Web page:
The Home menu popup covers the lower third of the screen and can be accessed while something else is playing. This popup offers quick access to all the apps you’d expect to find, like Netflix and Hulu, as well as settings, sources, and a search function.
Scrolling down on the Home menu will bring it up to fullscreen, but I have yet to find a reason not to keep it minimized. The fullscreen homepage is a mishmash of free content available on Samsung TV Plus and sponsored content available on other apps.
And yes, you read that correctly: Samsung TV Plus is its own app. It even gets its own button on the remote control. When you push said button, it navigates to a TV guide with a couple of hundred live channels.
Since these channels all come for free with the TV, you obviously shouldn’t expect much, but you will get a few news channels and movies. Even though having a TV guide is practically nostalgic at this point, I can’t help but feel like Samsung TV Plus is just an extension of the homepage, because it might as well be.
Consolidating Samsung TV Plus icons and remote buttons into the home screen would cut down on clutter, and you could just as easily offer live TV options.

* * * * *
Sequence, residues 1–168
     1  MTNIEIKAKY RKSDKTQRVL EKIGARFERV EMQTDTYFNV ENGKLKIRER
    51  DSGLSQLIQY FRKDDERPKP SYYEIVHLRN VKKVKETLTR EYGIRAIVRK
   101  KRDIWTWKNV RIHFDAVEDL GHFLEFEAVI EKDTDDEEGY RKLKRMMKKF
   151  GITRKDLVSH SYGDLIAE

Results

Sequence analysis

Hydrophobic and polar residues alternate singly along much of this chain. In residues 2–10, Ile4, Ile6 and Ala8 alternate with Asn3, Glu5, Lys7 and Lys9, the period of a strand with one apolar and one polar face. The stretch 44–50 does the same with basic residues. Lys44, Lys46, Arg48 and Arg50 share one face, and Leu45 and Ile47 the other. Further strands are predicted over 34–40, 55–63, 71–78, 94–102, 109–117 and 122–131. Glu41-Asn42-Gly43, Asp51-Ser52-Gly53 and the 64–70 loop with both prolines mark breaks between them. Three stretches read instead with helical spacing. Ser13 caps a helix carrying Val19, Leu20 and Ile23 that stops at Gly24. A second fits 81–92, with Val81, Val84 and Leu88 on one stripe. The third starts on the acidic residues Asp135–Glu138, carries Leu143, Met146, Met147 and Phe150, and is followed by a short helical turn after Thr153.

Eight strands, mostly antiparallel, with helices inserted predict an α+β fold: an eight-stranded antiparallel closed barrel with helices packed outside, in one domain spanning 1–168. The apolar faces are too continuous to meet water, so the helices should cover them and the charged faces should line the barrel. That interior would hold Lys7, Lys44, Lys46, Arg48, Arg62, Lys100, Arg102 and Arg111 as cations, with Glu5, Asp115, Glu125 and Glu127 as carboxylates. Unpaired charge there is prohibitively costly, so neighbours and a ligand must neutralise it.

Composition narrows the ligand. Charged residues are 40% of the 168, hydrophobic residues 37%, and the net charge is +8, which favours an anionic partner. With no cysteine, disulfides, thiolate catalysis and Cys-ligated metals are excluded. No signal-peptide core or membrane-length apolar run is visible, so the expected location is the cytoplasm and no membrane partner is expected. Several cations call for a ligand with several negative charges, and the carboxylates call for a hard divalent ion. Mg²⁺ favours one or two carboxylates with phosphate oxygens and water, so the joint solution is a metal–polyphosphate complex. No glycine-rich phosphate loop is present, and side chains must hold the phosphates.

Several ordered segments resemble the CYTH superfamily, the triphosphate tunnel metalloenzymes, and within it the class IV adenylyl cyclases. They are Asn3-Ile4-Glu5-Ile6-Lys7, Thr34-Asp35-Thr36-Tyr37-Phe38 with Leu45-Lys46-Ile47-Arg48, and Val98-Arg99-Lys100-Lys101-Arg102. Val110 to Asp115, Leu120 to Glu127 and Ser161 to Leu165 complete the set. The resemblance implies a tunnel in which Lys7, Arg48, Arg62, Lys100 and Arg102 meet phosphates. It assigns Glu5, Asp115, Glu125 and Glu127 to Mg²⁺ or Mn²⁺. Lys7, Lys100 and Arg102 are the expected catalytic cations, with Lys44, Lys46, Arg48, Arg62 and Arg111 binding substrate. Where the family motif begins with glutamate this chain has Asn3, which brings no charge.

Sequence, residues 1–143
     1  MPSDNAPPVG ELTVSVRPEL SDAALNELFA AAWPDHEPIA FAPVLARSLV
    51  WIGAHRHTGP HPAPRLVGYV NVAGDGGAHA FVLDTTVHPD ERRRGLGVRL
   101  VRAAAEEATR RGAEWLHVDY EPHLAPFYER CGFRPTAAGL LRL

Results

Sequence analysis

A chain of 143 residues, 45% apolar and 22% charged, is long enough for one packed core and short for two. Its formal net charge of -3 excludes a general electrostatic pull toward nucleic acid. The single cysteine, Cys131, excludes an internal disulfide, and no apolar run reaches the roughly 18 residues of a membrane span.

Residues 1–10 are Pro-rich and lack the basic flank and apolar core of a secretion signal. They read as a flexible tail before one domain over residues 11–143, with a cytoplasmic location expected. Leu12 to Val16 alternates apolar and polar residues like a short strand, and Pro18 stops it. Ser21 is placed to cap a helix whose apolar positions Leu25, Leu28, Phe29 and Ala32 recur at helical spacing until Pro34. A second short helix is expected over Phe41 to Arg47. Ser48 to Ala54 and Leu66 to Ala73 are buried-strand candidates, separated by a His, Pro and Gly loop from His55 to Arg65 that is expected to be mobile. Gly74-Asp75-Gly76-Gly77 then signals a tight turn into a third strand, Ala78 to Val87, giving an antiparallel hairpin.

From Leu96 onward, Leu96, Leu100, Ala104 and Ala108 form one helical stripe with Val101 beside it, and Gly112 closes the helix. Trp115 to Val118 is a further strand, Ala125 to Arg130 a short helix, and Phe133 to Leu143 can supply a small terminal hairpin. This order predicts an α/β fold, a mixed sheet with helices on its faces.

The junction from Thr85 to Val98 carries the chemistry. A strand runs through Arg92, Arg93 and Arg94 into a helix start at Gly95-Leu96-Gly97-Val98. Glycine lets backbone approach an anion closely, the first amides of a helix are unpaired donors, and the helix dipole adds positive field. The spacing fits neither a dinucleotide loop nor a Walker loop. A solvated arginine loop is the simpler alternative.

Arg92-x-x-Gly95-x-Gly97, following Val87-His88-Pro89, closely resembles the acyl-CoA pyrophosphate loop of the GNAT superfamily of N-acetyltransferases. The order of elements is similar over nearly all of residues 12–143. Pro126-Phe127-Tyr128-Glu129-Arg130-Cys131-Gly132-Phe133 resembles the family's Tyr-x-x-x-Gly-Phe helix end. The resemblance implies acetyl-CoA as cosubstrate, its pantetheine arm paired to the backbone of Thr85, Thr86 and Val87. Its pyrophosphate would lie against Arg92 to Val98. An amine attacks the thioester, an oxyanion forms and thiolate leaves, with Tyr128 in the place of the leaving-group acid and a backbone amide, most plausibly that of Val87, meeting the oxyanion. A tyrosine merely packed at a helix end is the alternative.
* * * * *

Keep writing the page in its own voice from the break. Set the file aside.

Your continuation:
Belongs in a Museum: The Remote Control and SmartThings App
We need to talk about this terrible remote control, because it’s easily the worst part of an otherwise great product.
The button layout, despite having options for Netflix and Prime Video, feels like a relic from ten or twenty years ago. Why are there dedicated buttons for play, pause, fast-forward, and rewind when the arrow buttons can already do all of those things? Did we really need a third of the remote taken up by number keys? There are colorful buttons labeled A-D that are holdovers from previous smart TV generations that don’t even do anything (Editor’s note: they do in the UK, we use them on live TV broadcasts).